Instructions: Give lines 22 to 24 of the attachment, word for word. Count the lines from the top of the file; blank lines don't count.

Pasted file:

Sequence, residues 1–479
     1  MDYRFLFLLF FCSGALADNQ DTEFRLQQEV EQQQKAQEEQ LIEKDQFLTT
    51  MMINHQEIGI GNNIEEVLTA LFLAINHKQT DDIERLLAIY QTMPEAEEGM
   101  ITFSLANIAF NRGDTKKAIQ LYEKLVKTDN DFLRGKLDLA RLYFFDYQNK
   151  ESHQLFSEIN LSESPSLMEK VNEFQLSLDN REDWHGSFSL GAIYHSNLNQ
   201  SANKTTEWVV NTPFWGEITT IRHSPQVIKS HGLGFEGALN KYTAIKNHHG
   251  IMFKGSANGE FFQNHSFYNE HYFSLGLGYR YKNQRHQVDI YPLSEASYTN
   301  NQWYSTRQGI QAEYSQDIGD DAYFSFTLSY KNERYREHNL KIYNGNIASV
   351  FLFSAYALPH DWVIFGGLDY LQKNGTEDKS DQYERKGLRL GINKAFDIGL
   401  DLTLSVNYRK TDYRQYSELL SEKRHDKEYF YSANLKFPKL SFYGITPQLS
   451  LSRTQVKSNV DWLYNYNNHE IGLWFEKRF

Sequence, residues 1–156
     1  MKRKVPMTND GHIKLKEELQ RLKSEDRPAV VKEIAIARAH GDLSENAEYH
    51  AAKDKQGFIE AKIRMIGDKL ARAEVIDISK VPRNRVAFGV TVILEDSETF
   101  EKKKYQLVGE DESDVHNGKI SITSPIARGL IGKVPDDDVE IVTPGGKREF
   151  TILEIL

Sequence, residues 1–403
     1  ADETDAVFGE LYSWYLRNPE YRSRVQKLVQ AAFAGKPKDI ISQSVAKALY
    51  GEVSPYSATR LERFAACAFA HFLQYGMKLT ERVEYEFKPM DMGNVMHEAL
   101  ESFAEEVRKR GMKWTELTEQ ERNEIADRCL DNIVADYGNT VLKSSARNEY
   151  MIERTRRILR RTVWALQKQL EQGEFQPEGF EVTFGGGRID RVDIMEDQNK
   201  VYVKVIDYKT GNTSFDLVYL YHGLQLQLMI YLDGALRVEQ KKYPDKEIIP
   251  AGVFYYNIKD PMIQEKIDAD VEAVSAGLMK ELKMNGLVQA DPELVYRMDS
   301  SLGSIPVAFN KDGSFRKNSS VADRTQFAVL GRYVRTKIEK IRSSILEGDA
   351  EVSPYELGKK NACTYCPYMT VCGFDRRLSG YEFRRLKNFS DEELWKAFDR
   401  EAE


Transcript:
   201  VYVKVIDYKT GNTSFDLVYL YHGLQLQLMI YLDGALRVEQ KKYPDKEIIP
   251  AGVFYYNIKD PMIQEKIDAD VEAVSAGLMK ELKMNGLVQA DPELVYRMDS
   301  SLGSIPVAFN KDGSFRKNSS VADRTQFAVL GRYVRTKIEK IRSSILEGDA